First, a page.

Rehabilitating the UK’s banking sector
February 2015 | COVER STORY | BANKING & FINANCE
Financier Worldwide Magazine
Less than two years ago, Anthony Jenkins, the chief executive of Barclays Bank PLC, acknowledged that his firm had behaved irresponsibly in the past and was on the long road to rehabilitation. It was an admission of wrongdoing from one the UK banking sector’s powerhouses, yet it was also a promise for the future. Mr Jenkins’ statement was an assertion that the bank, if not the entire banking industry, was keen to make amends for the shortcomings of the past by embracing a new corporate culture.
Yet despite the reconciliatory tone struck by Barclays, the sector in the UK has continued to lurch from one scandal to another. Accordingly, though we are seven years removed from the onset of the financial crisis, the aftershocks of that fiscal earthquake are still being felt today.
Revelations about the banking sector’s transgressions regularly surface and fines in the multimillion dollar range have been levied against some of the industry’s biggest players. In the UK, fines and reprimands for scandals including LIBOR and FOREX rigging and PPI mis-selling continue to mount up. As a result of the string of revelations and enforcement actions, for many, trust in the banking sector appears to be at an all time low.
In light of the flagrant improprieties on display within the UK banking sector, responses from commentators have been mixed. To combat illegal behaviour, some have suggested that banks found guilty of misconduct should be banned from trading, executives should have their wages and bonuses cut, and certain traders should be imprisoned.
While punishments of this nature may seem draconian, they may be appropriate given the scale of the problem. A new report from the Cass Business School and think-tank New City Agenda suggests that British banks have been suffering from a “toxic” and “aggressive” culture for years. The various scandals which have emerged were arguably brought about by this destructive culture. The report also suggests that any attempts to reform the existing culture may conceivably take a generation.
Between 2008 and 2014, UK banks are believed to have received around 21 million complaints. The industry has paid out around £38.5bn in fines and customer redress in the last 15 years. Given the level of opprobrium directed at the sector, how can it repair the damage and begin to rehabilitate itself?
A long road
Clearly, the road back from scandal and distrust is likely to be a long one. In recent years, there has been a number of high-profile, damaging incidents which have dramatically affected the public’s confidence in the whole sector. As Harvey Knight, a partner in the financial services regulatory group at Withers LLP, notes “The most damaging revelations have been the LIBOR and FOREX investigations, with the regulatory settlements that have been reached in those investigations being consistent with that narrative. As the general public has suspected all along, individual bankers have been found to be in collusion for themselves in the regulatory settlements that have been reached between the banks and their regulators. However, the individual bankers concerned have not been involved in those regulatory settlements. Those individuals now must await the decision of the criminal enforcement authorities and the criminal courts if charged.”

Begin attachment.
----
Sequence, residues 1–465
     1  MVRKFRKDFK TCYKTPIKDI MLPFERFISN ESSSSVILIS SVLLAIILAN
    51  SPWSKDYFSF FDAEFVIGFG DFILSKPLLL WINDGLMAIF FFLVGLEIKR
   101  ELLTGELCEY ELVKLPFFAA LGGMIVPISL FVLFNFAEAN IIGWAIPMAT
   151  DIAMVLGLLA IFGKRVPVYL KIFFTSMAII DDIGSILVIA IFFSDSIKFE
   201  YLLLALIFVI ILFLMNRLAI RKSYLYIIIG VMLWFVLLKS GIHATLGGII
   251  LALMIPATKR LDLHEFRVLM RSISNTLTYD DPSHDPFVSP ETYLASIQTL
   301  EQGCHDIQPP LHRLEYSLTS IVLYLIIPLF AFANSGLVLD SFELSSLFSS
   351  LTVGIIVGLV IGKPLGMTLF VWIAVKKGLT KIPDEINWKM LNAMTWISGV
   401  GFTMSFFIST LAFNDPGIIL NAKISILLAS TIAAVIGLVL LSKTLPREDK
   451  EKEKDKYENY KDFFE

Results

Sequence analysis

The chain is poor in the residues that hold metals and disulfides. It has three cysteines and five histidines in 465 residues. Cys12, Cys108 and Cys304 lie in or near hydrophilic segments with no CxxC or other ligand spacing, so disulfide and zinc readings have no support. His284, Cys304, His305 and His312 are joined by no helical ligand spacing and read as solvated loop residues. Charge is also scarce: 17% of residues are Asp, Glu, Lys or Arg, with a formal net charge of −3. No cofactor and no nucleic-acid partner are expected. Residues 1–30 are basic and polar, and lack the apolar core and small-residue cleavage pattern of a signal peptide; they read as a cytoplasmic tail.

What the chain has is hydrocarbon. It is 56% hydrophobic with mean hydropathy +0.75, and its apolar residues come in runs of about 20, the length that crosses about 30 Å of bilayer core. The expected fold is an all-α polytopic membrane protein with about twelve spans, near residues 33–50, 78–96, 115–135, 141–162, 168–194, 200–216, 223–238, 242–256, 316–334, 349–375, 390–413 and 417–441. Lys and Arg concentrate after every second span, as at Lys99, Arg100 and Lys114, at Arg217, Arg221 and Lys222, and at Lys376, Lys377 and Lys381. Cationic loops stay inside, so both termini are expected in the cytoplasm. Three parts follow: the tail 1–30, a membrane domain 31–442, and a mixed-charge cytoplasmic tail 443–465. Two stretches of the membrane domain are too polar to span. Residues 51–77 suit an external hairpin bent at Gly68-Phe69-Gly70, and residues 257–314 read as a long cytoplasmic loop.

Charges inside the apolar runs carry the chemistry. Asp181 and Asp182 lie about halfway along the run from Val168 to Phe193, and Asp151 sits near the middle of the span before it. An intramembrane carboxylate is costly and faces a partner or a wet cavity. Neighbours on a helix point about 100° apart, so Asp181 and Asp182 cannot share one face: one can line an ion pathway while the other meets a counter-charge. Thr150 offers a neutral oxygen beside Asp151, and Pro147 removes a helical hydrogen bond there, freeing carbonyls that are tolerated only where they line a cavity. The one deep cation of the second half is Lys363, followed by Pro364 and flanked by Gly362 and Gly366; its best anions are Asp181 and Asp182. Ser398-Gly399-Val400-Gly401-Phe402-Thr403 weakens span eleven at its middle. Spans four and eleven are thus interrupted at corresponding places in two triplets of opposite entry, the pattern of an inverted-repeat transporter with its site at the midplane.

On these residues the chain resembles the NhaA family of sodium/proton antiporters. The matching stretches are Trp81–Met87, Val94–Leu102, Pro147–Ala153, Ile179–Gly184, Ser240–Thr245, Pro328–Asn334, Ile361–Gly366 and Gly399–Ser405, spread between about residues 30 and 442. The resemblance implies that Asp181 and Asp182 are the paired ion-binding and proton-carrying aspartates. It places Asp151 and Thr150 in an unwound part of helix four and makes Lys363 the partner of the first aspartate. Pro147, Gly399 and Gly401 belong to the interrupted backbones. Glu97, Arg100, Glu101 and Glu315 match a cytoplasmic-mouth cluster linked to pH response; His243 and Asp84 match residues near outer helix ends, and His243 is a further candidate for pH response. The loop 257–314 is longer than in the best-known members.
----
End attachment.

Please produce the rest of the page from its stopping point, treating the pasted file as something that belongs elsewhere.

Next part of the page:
For some, though, ‘banker bashing’ has become a common, but not entirely fair, pastime. In the press, and on the street, there have been mounting calls for some bankers to be imprisoned for their actions. In some respects, it appears that the UK government is heeding these calls. The commencement of the relevant provisions of the 2013 Banking Reform Act will make it a criminal offence for any individual or institution to act in “a reckless manner”. Reckless behaviour in this context is described by the Treasury as “behaviour that falls far below the standard expected of someone in that position”. Whether prosecutions against bankers would be pursued in the future is up for debate, however it would appear that legislators are laying the foundations for such criminal prosecutions.
Though there is a major issue with UK banks, they are not alone. Corruption and unethical behaviour in the banking sector has become commonplace in a number of jurisdictions. According to a study published in the journal Nature in November 2014, the prevalent culture within the financial industry encourages staff members to behave in a dishonest fashion regardless of whether the individuals themselves are inherently dishonest or not. The report, which surveyed investment managers and traders at major international banks, suggests that a number of measures must be adopted to combat the dominant culture of dishonesty. These measures include having bankers swear a professional oath, much like the Hippocratic Oath taken by doctors, which may compel the banking industry to consider the impact of its work on society. The team of economists at the University of Zurich who completed the study argue that more should be done to stop firms from rewarding employees who behave dishonestly going forward.